By the end of the hoplite period in Sparta most of the men in the ranks were not equals. It is debatable whether their were as severe restrictions on who could wear what, if there were any to start with.

I would say if you are going to paint Spartan figures as equals do them with the red tunics and the lamda on the shield, unless you are doing 490's or earlier Spartans.

Personal logo piper909 Supporting Member of TMP02 Aug 2005 1:39 p.m. PST

The Spartans seem to have issued some equipment from armories that are mentioned in some ancient texts, so we can assume that many items would have been more uniform (weapons, shields) while others would have needed to have been custom-fitted (helmets, greaves, certain cuirasses) and more likely to have been made-to-order; however, it cannot be forgotten that Sparta prized uniformity and would have frowned on ostentatious displays of individualism (the oft-cited and possibly apocryphal tale of the Spartan with a bee-blazon on his shield notwithstanding).

The red tunic and cloak mentioned by several ancient authors is well-attested, and would have been common to both Spartiates and perioeci during the era when they were brigaded together (debated, but evidently by the time of the Peloponnesian wars). This color is frequently translated as "red", "scarlet" "crimson" and even "purple", depending on the writer, so the exact shade is a bit uncertain — however, since it was instituted to boost martial spirit and to conceal bloodstains, we can assume it to be a bright shade. The lambda on the shields would likely have been red or black, to stand out best from the bronze facing that was also a hallmark of Spartan troops.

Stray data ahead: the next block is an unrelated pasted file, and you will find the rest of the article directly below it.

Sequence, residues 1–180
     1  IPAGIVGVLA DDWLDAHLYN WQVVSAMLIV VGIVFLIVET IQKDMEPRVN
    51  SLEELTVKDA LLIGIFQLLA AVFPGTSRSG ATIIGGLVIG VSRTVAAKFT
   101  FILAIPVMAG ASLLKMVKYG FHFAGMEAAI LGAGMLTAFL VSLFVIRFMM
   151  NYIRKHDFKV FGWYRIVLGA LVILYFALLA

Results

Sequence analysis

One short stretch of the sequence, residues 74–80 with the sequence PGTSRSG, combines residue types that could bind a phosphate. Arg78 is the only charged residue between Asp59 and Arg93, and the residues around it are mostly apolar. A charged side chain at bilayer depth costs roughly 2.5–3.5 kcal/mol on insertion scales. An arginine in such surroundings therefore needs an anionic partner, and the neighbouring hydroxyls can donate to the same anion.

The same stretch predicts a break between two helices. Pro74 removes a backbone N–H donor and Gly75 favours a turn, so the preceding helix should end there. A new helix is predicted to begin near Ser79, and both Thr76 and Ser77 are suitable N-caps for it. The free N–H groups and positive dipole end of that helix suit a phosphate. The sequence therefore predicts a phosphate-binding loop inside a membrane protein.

JJartist02 Aug 2005 3:07 p.m. PST

Ahhh the upturned V…… is actually a Greek letter called a lambda. That is short for Lakedaemonia the place where Spartans come from, a place that the city of Sparta is ensconced. The color of the lambda notwithstanding there is little direct evidence or when such a device became uniform. We are given clues that during the Peloponessian Wars that city blazons and unifomrity may have become more common, for example their is the story of the Sicyonians using the sigma, and Spartans carrying sigma shields being mistaken for Sicyonian hoplites.